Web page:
The animation is really impressive in this movie. For such an old (well it’s only a few months older than me so I’m not sure I should be calling it “old”) movie, I can’t believe how well this still looks. It’s comparable to the stunning animation in Akira. This movie pays special attention to animating the character’s movements and facial expressions. They seem so lifelike and fluid at times! And the fight scenes are nothing to laugh at either. Some of the battles blow you away! And the short motorcycle race scenes are breathtaking. Some really impressive stuff here guys. The character designs are old school, but beautiful looking and distinct. The girls are sexy (in that oh-so-80’s style) and the guys are cool. The vehicle designs are entirely realistic which I enjoyed. This isn’t god-level technology being used here. While things look futuristic enough, you still recognize what they are using, and at the very least it all seems feasible. And again the tanks are reminiscent of World War II stuff. One odd, yet interesting thing this movie does is one scene merges traditional animation with real filmed footage of a car going down a road. This is done to give us a more realistic look at what Susan’s camera is filming, and I was blown away by how great it looks. But it’s very different then the norm, so others may not like it. It’s only used in a scene or two so it’s shouldn’t be that big of a deal if you don’t like it.
The music in Venus Wars is amazing! It feels so alive, so exciting, and so 80’s I just love it! I do of course have a weak spot for 80’s pop music, the language it’s sung in is irrelevant. And this is some of the best 80’s pop out there as far as anime go! The soundtrack here is top notch. There is a place where I WISH La Marseillaise was played, as it would fit perfectly. But alas the movie will only indulge me so far. The dub on the other hand is pretty decent, although it’s not Michael Bakewell’s (ADR Director) best work. This is yet another dub by Manga Video UK, in which CPM and Manga split the cost. It was dubbed in London, England with a British and Canadian cast, putting on American accents. A few minor characters early on are poorly cast and sound a little goofy or strange. But the main cast is more then solid. Denica Fairman, who I’ll always remember as Sophia from A Wind Named Amnesia, plays Susan Somers the reporter from Earth. And she’s the star of this dub! She plays the perky and energetic Susan perfectly. Which is quite a contrast from the calm, soothing, and mysterious Sophia. She is incredible in this role. It’s a sign of real talent that she can handle such different roles with ease. I only wish she were in more dubs. Ben Fairman plays Hiro and he fits the part quite well. General Donner is played by Peter Marinker, who does an amazing job playing the tough, emotional general. This man has talent. He makes the general seem lifelike, and realistic, and prevent him from becoming just a caricature. Which is very impressive.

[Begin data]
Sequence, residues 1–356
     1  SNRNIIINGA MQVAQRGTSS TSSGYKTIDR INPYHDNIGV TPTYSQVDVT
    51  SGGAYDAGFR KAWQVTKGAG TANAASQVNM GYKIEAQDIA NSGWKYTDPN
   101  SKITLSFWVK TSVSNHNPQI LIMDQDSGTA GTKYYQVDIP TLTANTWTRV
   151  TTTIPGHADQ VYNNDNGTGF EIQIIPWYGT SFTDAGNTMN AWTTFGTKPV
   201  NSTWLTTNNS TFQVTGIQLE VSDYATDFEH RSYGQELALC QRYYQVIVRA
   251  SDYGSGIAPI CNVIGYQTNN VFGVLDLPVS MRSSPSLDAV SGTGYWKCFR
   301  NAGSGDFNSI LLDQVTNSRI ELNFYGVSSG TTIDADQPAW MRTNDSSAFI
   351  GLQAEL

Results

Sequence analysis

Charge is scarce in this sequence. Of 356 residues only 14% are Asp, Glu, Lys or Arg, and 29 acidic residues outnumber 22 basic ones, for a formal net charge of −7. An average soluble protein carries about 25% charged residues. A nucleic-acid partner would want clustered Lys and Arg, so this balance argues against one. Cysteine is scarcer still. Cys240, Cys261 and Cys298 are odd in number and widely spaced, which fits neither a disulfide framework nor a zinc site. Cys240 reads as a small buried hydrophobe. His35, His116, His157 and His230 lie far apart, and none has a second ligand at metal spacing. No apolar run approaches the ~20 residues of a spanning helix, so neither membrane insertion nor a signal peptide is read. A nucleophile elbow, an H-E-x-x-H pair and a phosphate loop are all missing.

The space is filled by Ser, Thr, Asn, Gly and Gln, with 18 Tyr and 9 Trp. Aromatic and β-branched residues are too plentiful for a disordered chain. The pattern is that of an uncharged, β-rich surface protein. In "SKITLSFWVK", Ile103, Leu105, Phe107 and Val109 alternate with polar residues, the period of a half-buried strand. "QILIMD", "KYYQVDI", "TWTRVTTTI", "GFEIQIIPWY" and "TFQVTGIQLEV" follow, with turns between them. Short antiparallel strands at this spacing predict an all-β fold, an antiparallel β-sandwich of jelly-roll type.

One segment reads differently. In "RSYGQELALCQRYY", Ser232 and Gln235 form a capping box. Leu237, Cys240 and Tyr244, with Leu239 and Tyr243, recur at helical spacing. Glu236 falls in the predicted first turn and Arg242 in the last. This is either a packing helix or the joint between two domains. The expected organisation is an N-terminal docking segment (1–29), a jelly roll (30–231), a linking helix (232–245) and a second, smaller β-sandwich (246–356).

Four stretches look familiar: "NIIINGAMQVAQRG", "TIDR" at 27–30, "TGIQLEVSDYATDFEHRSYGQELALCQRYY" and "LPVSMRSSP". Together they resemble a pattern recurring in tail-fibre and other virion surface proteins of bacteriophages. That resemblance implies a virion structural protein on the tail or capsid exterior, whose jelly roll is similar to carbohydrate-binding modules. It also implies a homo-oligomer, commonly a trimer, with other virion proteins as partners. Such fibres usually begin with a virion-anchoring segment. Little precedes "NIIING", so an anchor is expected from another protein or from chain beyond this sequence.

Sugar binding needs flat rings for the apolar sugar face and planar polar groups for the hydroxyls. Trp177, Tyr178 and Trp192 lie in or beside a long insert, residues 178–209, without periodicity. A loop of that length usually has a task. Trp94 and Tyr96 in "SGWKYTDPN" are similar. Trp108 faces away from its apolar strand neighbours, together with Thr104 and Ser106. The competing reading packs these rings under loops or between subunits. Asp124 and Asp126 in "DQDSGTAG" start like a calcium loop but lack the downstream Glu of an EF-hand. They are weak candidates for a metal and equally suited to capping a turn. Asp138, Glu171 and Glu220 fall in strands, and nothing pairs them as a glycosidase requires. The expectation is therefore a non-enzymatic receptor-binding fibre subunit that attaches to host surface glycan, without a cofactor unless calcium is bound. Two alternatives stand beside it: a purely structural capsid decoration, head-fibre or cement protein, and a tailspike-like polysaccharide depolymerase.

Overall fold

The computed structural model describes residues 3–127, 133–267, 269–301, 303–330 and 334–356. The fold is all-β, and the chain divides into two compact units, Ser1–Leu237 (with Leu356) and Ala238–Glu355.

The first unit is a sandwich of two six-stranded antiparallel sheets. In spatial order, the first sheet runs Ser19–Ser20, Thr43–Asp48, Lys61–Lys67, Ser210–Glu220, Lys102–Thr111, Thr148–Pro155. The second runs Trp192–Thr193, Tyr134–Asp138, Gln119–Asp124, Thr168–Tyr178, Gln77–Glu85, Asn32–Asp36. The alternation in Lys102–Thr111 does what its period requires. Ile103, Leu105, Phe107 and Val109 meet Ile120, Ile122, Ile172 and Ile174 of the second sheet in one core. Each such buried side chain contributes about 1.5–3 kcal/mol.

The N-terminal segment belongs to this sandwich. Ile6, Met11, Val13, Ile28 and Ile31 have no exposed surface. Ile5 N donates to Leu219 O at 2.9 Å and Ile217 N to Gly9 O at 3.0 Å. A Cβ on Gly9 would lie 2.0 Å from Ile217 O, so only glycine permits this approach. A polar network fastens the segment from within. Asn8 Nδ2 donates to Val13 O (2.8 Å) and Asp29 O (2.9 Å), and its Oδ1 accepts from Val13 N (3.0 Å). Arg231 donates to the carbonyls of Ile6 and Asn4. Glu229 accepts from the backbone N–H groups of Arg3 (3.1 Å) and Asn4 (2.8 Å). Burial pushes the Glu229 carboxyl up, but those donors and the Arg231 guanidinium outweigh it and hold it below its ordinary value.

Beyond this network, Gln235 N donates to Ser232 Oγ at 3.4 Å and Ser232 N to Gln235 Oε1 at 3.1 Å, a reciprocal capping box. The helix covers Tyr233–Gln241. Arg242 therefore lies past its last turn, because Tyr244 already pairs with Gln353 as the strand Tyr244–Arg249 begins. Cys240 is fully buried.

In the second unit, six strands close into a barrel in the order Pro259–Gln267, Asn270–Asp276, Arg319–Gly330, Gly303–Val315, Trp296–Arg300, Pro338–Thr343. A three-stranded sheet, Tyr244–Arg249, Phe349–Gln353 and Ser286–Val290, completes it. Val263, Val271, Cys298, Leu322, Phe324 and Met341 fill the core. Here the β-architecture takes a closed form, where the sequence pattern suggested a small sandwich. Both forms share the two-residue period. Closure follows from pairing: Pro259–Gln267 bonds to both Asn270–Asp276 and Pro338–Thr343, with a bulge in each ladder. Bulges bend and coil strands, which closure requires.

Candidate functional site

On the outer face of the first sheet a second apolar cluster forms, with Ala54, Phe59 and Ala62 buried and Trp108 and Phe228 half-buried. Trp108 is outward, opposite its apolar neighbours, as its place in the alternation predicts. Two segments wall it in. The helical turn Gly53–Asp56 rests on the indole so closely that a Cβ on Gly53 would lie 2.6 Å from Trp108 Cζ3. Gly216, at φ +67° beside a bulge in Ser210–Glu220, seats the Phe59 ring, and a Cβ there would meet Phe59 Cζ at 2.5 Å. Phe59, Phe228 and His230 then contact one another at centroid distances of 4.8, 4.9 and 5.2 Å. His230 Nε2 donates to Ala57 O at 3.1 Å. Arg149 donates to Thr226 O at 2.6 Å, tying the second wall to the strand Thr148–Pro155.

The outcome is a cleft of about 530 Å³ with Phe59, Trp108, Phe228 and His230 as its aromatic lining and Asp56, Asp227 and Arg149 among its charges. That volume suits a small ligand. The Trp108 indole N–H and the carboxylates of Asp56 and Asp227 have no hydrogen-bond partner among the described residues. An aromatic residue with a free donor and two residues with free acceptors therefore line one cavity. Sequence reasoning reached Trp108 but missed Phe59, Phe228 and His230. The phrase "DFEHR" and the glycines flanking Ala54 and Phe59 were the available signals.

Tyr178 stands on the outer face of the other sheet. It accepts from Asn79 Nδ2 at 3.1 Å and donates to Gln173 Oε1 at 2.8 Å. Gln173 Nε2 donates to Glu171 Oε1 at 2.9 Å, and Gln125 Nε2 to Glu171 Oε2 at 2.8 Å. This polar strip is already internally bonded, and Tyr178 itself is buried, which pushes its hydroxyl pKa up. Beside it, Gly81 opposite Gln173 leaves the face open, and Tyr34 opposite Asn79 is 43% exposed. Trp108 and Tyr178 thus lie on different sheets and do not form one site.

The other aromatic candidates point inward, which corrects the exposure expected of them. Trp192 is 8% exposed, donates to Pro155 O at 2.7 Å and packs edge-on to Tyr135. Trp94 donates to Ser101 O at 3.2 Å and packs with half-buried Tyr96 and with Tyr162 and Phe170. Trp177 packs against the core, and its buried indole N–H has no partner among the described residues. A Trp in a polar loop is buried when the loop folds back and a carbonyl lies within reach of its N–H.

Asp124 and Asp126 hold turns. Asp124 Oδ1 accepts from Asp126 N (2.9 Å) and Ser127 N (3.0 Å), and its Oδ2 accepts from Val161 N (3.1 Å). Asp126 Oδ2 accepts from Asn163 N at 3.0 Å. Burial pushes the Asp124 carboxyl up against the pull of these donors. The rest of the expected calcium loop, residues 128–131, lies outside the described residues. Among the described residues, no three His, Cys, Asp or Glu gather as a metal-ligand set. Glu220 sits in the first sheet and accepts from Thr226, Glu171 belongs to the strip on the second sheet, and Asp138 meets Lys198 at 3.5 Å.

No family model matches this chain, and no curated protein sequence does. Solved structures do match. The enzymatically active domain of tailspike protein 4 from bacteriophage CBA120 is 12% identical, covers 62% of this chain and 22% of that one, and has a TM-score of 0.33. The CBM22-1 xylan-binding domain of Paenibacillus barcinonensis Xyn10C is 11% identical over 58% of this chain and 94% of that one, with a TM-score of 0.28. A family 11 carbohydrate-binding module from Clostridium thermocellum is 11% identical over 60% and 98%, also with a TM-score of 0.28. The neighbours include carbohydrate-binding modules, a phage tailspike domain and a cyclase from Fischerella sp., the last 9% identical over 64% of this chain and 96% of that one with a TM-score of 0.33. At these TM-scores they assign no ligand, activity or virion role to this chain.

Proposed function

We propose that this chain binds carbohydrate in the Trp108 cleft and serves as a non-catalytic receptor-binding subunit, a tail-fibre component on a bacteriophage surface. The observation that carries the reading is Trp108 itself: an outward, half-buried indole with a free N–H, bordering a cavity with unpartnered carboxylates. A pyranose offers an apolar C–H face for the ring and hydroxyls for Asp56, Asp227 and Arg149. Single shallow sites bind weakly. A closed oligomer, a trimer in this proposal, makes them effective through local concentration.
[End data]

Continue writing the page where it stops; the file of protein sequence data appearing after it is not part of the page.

Central Park Media’s 1998 DVD (the one I own) has a goofy looking DVD menu, although at least it has a menu. (You can’t imagine how annoying it is watching stuff released around the same time by other companies, like Green Legend Ran that Geneon put out, that have no menus at all). The menu works well, so hey can’t complain really. The extras are nothing more then “meet the cast” stuff which plays clips of the film where the characters are introduced. The other extra just play clips of the movie dealing with guerrilla warfare. Cool, but pretty poor excuse for extras. Not that you can blame them, it must be hard to find good extras for such an old movie. I like the 98′ DVD cover, despite the dumb “Anime DVD” thing written along the side (Why did CPM do this for their first few DVD’s anyway? So glad they stopped that). But the 2004 release also has a nice DVD cover, and I believe the video quality is better on this release (but don’t quote me because I don’t own that version to compare). Both versions have the dub and sub. You can find both versions of the DVD on amazon quite cheap.
Venus Wars is a classic I’d put aside Dominion Tank Police, Megazone 23, Akira, Bubblegum Crisis and the like. Perhaps it’s not quite as good as those, but it comes pretty damn close. And it’s kind of sad this is not as well known as those. If you like 80’s anime, you can’t go wrong with this. You have sexy girls, great animation, catchy music, fun sci-fi, and a ton of World War II references. What’s not to like?